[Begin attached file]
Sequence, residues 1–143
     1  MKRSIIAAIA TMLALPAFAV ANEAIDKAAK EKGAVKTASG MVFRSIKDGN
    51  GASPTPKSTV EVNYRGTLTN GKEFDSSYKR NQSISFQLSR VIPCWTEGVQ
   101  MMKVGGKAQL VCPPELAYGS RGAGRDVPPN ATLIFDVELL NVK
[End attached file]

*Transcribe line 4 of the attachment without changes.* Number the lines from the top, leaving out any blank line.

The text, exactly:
   101  MMKVGGKAQL VCPPELAYGS RGAGRDVPPN ATLIFDVELL NVK